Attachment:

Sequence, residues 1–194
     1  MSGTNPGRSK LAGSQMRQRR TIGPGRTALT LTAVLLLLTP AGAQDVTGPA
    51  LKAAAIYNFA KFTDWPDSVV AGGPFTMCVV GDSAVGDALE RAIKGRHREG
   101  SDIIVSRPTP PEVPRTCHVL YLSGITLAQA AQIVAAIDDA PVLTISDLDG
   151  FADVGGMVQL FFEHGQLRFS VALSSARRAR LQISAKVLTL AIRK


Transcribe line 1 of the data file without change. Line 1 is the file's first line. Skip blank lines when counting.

Sequence, residues 1–194